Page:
Nymphomaniac: Volume I is the story of Joe (Charlotte Gainsbourg) as told by her. One night she is found beaten and left in an alley by Seligman (Stellan Skarsgard), He takes her into his home and as he tends to her wounds, she recounts her life story to him. A life story that’s rather eventful, beginning as a child raised by her father (Christian Slater) up to her very loose and promiscuous time as a young-adult (Stacy Martin).
To those that aren’t familiar with Lars von Trier’s work, he’s one of the most polarizing – if not the most polarizing – filmmaker working today. “Just okay” are never two words I hear when referring to any of the films he has done in the past. His art house style films are known for being slow-paced and are easily the highest test of patience a moviegoer can experience, even more so than Terrence Malick.
They’re also incredibly engaging. This film is no exception.
The third part of von Trier’s “Depression Trilogy” – following Antichrist and Melancholia – Nymphomaniac: Volume I is by no means an easy film to watch. Some will understandably be turned off by the graphic nature of the story. Although, this film is clearly, as the title more than suggests, is about sex, there is absolutely nothing sexy about this film in any way; In fact, it’s quite the contrary.
At the center of this story is Joe, played wonderfully by both von Trier regular Charlotte Gainsbourg and newcomer Stacy Martin. Although Gainsbourg gets top-billing, most of the film revolves around Martin as Joe, with Gainsbourg narrating what has happened. For being a newcomer, Martin takes on quite a challenging and revealing role that makes for one engrossing character study. You at first think, okay maybe it’s daddy issues, but then, through flashbacks, we come to find she had a very loving relationship with her father. It’s really about control and power, and to be honest, not even so much those two aspects as it is more the sensation (as she herself states) that she gets from it. Gainsbourg perfectly captures what results after all these years. Sex was never about love for Joe, it was about lust, and that in turn has left her feeling empty and alone. Overall, von Trier never glorifies or judges Joe’s actions. The one who appears to be the harshest on Joe is Joe herself.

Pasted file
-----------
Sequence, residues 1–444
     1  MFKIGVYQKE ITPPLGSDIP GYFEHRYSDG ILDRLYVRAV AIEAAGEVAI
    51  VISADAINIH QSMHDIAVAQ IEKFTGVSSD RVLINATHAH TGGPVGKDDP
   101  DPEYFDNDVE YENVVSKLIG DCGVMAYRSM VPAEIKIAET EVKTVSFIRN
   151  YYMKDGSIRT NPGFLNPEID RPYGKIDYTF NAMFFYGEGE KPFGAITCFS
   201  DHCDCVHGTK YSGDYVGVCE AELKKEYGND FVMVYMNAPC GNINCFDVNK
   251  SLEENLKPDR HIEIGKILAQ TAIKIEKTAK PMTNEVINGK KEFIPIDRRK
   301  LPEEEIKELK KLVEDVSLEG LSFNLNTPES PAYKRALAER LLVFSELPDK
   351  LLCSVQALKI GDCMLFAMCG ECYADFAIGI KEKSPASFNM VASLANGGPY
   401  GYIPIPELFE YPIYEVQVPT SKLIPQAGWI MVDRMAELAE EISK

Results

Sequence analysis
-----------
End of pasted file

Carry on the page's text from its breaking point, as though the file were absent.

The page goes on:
Surrounding Gainsbourg and Martin is an equally strong supporting cast. Stellan Skarsgard shares most of the screen time with Gainsbourg as the rescuer who listens to her tale. He provides insight that will probably be the best and only fly fishing parallel to sex. It almost takes on a satirical National Geographic special the way Skarsgard fits it in. Whether that was von Trier’s intention or not, it works. Christian Slater gives the best performance I’ve seen from him in a long time in an underplayed role as Joe’s father. Shia LaBeouf – taking time off from acting like an idiot with a paper bag over his head – is solid, despite the awkward British accent, as Joe’s first “conquest”, who coincidentally keeps showing up in Joe’s life later on. I’d normally call the filmmakers out for such contrivance, but Skarsgard’s character also brings up the absurdity of his random appearances.
Oh, and if there were an Oscar category for Best Awkwardly Funny Guilt Trip, Uma Thurman would be a lock. Like Slater, it seems like ages ago that I’ve seen her in a worthwhile performance. As the wife of a husband cheating on her with Joe, Thurman takes what little screen time she has and hits it out of the park in ways that are funny, awkward and clearly heartbreaking altogether. “Come, boys, let’s go look at the whoring bed!”, she says oddly upbeat to her kids that she brought when confronting her husband.
Sex is one of many tools that two people in love can use to express their love for one another, yet here it’s depicted with sadness. One of the cardinal rules in the club Joe co-founded was that it doesn’t allow members to sleep with the same guy twice. God forbid emotional attachment gets in the way. Joe’s not looking for love. She just wants the sensation, and she goes out of her way at times to avoid any attachment that may come calling, which in turn shows just how powerful the emotional component to sex can be.
Even though I’m recommending this, I’m still slapping a big, all-caps disclaimer that states “BE PREPARED!!”. To those that know Lars von Trier’s work, you already have an idea of what you’re getting into. To those that don’t, you might find this appalling. If you’re up for the ride (pardon the pun), though, you might find yourself surprised. There’s plenty of sex, but there’s never an ounce of eroticism to it. It’s not so much about sex as it is the highs and lows that come with human nature. It’s not von Trier’s best work, and a part of me wishes he just went for broke and released this as one 4 hour long film (which he wanted to) since the ending here is rather abrupt. That said, it does foreshadow darker events to come in Volume II next month. While not the best film I’ve seen this year, like all things von Trier, it will be one of the most memorable.
I give Nymphomaniac: Volume I an A- (★★★½).